A woman [who - crossed out] was killed in a [set - crossed out] fight between Buckley’s mob and
another [went on a visit - crossed out] – which were camped together. The corpse was thrown upon a
large fire and burned to ashes; the embers were raked together and
the woman's yam stick was stuck upright in the heap at the head.
9 They dug two round graves with their sticks about four feet deep
then coiled up the bodies, tying them in their skin rugs, and laying them
in the holes with some boughs and filling them up with earth: a ring
being made round each place by clearing away and lighting fires.
After raking up the ashes over each, the sticks which they (the dead women)
had used for digging roots were put over them as I have already described the
spears of the men are who are killed – p 44
They have an idea that they will want them [again - crossed out] when they come to life again,
and the fire left – they think will do for them to cook their roots with.
Of this provision they generally leave a few days [fo -crossed out] supply and whenever they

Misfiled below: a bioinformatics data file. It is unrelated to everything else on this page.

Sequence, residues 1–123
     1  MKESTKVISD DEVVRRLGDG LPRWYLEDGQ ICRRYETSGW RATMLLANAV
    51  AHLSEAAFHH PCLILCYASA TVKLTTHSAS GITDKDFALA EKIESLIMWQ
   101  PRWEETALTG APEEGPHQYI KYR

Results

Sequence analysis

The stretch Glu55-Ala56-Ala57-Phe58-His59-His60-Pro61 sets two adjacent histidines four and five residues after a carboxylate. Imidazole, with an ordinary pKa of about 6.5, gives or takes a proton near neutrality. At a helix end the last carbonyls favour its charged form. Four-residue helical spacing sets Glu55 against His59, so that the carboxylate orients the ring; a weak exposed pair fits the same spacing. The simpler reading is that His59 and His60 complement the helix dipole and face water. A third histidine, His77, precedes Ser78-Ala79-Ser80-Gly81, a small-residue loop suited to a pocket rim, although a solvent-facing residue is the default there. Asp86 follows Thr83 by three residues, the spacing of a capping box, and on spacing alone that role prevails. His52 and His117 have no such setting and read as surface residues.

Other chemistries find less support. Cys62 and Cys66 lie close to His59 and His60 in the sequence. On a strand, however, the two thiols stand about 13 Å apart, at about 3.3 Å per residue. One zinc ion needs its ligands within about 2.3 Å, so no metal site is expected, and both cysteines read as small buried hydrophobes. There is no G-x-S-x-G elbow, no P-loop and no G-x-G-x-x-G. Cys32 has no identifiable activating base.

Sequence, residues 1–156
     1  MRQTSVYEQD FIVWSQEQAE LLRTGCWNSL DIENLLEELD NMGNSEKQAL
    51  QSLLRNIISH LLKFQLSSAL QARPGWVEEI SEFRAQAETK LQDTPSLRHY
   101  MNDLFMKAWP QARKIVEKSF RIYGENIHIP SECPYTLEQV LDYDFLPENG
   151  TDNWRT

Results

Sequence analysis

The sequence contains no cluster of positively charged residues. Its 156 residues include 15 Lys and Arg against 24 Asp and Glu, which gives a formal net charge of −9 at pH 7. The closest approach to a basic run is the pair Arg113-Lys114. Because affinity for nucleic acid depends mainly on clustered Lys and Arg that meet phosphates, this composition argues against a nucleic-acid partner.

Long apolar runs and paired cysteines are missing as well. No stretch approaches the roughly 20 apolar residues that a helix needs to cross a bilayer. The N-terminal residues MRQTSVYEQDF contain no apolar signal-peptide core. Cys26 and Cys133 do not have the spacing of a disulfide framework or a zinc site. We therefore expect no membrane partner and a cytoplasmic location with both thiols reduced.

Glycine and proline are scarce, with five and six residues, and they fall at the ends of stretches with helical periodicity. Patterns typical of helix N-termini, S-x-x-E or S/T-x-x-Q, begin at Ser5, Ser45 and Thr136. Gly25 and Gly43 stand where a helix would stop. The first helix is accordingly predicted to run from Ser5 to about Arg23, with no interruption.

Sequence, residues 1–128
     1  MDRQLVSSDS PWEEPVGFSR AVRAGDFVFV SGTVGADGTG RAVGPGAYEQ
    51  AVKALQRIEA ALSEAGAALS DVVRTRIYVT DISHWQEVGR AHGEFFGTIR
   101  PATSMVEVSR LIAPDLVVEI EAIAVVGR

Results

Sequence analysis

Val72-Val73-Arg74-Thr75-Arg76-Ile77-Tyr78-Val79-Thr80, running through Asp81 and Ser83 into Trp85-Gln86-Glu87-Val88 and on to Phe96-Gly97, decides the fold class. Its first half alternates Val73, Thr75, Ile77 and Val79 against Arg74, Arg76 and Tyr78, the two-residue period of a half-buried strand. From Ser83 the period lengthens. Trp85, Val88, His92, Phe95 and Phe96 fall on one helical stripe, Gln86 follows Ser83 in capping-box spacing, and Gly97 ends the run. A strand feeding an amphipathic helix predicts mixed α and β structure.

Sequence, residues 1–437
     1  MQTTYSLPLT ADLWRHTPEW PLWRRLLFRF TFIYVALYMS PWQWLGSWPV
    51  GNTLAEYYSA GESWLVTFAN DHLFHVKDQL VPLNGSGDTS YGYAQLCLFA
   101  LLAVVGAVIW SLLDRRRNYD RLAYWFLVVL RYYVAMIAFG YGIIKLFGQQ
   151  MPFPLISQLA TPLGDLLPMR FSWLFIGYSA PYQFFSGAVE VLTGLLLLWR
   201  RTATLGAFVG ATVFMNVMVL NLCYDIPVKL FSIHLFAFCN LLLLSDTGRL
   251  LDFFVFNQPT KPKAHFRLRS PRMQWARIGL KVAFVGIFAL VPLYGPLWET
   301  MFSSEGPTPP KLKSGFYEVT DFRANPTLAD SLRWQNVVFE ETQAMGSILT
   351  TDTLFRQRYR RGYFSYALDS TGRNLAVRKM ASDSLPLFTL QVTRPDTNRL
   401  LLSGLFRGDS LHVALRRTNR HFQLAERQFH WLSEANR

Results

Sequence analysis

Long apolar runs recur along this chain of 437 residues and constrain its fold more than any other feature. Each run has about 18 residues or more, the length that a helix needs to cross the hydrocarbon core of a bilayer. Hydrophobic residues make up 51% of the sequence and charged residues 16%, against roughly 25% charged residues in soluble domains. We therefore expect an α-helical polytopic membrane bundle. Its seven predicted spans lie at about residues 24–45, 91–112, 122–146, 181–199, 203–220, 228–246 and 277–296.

pass these graves they re-light the fires. The bodies are laid on their sides
when they bury them, in the same manner as they mostly lie when living.
Buckley being almost famished during his wanderings reached a stream called
Dooangawn where he found a broken spear stuck into the mound of a grave.
Taking this he proceeded onward to Maamart where on the following day some native
women seeing him lying helpless at the foot of a large tree brought their husbands
to him. They called him Murrangurk – that being the name of the man
who had been buried where Buckley found the broken spear which he still carried
with him. Murrangurk was of the tribe to which these people belonged p 25,
and had recently been killed in a fight. To him had belonged the broken spear
carried by Buckley p 26.